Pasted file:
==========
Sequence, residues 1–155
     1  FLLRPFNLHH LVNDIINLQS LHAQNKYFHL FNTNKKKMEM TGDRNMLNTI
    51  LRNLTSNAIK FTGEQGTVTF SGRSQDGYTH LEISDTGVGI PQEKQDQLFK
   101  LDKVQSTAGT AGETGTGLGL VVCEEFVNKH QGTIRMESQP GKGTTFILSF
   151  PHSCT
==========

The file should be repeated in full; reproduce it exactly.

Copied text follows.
Sequence, residues 1–155
     1  FLLRPFNLHH LVNDIINLQS LHAQNKYFHL FNTNKKKMEM TGDRNMLNTI
    51  LRNLTSNAIK FTGEQGTVTF SGRSQDGYTH LEISDTGVGI PQEKQDQLFK
   101  LDKVQSTAGT AGETGTGLGL VVCEEFVNKH QGTIRMESQP GKGTTFILSF
   151  PHSCT